U.S. Rep. Biggert proud to be moderate; Democrat Foster says she’s been in office too long
By Natasha Korecki Sun-Times
U.S. Rep. Judy Biggert is not your typical conservative Republican.
She supports abortion rights, winning her praise from Planned Parenthood.
She also supports 2nd Amendment rights, earning her an A rating from the National Rifle Association’s political arm for her “pro-gun voting record.”
The 75-year-old grandmother styles herself a moderate, a badge she wears proudly.
“We lost a lot of moderates, I lost a lot of my friends,” in 2008 and 2010 elections, she said. “The problem we’re facing now is we’re moving to the right, and we’re moving to the left. I work from the center and we’ve got to get the two parties to get back together.”
Biggert herself is under fire, facing perhaps the biggest challenge of her 14-year congressional career, squaring off against former U.S. Rep. Bill Foster in a district redrawn by Democrats.
Foster, who served one term representing a neighboring district, is hitting Biggert hard, going on the offensive in debates and repeatedly casting her record as bad for seniors.
Foster is a Democrat from Naperville.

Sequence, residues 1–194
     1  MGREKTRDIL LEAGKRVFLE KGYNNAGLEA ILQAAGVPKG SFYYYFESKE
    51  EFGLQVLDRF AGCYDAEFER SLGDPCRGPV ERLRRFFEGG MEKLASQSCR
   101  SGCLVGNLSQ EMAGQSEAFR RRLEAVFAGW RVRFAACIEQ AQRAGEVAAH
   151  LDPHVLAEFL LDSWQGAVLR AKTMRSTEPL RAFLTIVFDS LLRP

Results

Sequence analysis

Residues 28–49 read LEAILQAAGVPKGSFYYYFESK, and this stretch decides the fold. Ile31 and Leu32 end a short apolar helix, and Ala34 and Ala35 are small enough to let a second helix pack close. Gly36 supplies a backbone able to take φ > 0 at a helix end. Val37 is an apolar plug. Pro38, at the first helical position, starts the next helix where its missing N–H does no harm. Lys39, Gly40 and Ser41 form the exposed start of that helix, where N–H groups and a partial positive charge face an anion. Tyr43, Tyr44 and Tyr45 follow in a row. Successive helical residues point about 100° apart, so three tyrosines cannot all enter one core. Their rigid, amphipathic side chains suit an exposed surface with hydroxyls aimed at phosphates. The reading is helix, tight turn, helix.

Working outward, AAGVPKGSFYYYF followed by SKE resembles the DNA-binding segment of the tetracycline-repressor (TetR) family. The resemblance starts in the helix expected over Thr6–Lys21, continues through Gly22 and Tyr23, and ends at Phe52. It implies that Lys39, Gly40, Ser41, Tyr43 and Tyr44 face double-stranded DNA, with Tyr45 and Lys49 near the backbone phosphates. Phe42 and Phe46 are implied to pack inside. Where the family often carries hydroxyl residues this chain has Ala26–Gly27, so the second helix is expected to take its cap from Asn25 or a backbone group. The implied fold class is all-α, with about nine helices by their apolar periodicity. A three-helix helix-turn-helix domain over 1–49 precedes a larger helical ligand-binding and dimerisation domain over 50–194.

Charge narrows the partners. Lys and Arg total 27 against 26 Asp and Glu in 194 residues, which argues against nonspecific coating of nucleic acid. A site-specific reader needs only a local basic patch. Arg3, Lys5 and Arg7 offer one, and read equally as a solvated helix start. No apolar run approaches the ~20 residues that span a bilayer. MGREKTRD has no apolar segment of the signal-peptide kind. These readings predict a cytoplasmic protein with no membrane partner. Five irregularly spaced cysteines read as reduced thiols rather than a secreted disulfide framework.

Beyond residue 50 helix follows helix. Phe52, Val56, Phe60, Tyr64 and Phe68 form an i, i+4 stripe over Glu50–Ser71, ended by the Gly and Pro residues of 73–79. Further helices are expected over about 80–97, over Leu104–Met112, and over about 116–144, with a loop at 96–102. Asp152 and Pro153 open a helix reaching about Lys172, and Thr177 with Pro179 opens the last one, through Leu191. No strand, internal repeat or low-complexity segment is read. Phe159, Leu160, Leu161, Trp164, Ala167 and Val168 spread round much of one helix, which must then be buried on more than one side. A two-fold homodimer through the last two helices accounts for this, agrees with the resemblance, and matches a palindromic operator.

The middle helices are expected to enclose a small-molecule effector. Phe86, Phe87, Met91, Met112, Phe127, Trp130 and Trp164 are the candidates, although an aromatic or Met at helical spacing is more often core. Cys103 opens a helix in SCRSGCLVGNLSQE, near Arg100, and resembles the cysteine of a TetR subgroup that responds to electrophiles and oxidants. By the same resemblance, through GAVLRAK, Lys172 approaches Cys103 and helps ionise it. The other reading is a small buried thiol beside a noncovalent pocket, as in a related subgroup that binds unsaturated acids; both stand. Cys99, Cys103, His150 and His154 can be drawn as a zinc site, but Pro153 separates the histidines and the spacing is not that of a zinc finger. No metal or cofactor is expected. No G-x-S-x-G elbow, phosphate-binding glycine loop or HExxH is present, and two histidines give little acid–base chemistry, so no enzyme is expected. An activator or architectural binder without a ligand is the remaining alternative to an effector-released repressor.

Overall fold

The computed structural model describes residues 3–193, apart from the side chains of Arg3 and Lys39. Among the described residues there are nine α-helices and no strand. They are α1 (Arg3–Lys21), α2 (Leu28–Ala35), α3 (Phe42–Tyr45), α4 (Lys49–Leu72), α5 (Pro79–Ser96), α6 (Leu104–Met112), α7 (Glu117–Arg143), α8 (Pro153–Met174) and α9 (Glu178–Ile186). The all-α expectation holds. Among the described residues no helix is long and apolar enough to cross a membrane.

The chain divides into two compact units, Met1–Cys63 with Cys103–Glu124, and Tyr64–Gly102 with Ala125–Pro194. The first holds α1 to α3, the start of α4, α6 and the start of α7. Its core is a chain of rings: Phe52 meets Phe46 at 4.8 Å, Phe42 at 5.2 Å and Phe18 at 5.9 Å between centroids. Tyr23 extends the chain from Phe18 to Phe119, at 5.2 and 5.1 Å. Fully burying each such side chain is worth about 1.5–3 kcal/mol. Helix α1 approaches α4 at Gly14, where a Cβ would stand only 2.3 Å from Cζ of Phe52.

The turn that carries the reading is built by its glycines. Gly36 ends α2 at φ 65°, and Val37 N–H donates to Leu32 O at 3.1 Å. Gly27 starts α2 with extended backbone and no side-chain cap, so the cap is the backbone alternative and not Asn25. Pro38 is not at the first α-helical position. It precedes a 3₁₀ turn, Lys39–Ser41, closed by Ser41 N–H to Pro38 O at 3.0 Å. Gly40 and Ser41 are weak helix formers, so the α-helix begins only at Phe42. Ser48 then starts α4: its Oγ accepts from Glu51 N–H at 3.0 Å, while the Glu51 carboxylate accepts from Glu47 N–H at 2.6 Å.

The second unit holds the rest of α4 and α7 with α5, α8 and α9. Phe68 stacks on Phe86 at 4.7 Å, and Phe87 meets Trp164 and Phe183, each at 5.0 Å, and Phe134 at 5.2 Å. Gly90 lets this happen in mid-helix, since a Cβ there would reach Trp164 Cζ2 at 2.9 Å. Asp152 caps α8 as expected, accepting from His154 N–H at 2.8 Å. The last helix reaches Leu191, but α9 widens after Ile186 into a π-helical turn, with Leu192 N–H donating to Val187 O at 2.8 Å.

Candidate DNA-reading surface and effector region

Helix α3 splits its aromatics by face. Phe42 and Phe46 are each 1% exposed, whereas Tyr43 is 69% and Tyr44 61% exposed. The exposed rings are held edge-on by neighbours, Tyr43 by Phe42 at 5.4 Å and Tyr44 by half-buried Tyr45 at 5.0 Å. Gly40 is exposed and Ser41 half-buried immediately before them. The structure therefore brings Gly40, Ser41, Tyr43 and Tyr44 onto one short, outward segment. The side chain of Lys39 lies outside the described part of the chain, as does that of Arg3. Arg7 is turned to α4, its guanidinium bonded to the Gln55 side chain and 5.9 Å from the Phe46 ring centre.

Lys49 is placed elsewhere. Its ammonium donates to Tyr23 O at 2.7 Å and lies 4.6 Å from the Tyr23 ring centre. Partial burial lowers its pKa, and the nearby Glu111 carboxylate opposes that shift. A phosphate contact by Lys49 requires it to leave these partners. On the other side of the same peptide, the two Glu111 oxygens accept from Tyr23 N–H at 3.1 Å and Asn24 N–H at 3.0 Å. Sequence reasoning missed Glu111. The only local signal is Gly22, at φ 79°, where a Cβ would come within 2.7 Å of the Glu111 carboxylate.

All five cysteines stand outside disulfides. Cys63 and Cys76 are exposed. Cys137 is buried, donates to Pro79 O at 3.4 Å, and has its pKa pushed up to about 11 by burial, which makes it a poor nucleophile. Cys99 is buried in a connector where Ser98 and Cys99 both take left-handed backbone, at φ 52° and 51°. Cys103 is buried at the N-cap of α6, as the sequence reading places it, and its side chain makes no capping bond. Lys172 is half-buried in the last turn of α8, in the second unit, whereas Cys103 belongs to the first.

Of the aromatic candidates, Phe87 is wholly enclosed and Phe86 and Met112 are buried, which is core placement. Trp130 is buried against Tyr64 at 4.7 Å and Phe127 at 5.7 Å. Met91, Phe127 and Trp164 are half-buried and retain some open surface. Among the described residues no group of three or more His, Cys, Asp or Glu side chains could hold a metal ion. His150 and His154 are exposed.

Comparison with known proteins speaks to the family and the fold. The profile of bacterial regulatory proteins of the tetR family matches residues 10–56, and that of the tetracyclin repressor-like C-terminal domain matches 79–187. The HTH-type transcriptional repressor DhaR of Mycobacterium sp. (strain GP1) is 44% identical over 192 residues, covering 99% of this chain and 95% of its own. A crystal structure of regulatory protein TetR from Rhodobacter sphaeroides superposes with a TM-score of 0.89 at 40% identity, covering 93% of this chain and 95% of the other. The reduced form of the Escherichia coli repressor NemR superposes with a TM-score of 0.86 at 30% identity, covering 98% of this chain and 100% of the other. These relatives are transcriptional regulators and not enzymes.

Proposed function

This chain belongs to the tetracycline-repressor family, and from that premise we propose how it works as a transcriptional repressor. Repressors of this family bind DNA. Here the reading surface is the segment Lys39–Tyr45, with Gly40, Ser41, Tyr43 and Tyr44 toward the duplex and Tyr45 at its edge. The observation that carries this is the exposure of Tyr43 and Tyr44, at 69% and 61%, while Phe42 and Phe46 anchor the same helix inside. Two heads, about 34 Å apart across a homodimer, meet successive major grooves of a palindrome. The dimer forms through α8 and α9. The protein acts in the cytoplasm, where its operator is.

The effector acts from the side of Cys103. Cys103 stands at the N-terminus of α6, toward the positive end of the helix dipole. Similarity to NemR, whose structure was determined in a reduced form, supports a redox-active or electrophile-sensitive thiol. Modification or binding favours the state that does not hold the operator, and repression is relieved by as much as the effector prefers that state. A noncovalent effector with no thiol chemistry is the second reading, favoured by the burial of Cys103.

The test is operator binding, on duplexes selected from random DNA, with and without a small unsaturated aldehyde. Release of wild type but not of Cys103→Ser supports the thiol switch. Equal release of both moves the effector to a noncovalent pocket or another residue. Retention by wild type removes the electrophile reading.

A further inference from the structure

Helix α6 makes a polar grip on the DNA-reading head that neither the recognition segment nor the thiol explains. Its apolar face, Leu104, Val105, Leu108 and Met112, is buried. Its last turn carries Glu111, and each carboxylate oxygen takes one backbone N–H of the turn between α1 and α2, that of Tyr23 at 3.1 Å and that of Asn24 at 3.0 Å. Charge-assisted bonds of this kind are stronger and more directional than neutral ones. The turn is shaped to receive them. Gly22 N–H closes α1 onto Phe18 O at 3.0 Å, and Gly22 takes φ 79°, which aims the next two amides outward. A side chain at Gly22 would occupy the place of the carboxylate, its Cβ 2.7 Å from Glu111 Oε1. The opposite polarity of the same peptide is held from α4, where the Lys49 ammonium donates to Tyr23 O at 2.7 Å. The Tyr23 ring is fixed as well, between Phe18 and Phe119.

The west suburban 11th Congressional District features one of three hotly contested U.S House races in suburban Chicago, one that could help shift the balance of power in Washington.
Foster, 57, casts Biggert as a career-politician who has been in Washington too long.
The two have repeatedly locked horns in the highly competitive race, unleashing a flurry of negative ads against one another.
Biggert, of Hinsdale, has been in Congress for 14 years, but after a congressional remap, she’s running in a new district that stretches to Aurora and heavily favors Democrats. Foster, who lives in Naperville, is an ex-incumbent having served one term in Congress. He lives in the new district he wants to represent.
Foster has gone on the attack in recent debates and Biggert has appeared flustered at times, seeming to lose her train of thought and pausing at length before giving answers.
But one-on-one, she’s clear and becomes riled up when talking about campaign ads.
Biggert says she appeals to voters because she’s not extreme.
“I’ve worked a lot with Planned Parenthood. I like Planned Parenthood,” she said, adding that she supported keeping public funding for the group. “My party didn’t like that very much,” she says.
Biggert, who graduated from Stanford University, then Northwestern University Law School, was particularly peeved about a mail ad that she said left the impression that she and her husband took romantic getaways on the taxpayers’ dime.
Biggert said she’s gone on international trips — including Jamaica and Austria — funded by the Aspen Institute.
“They get us away from here… We talk about issues,” including nuclear and domestic issues as well as terrorism. “We go away, otherwise people would be on those things,” she says, pointing to an iPhone. “The spouses are invited so you really get to know the family.”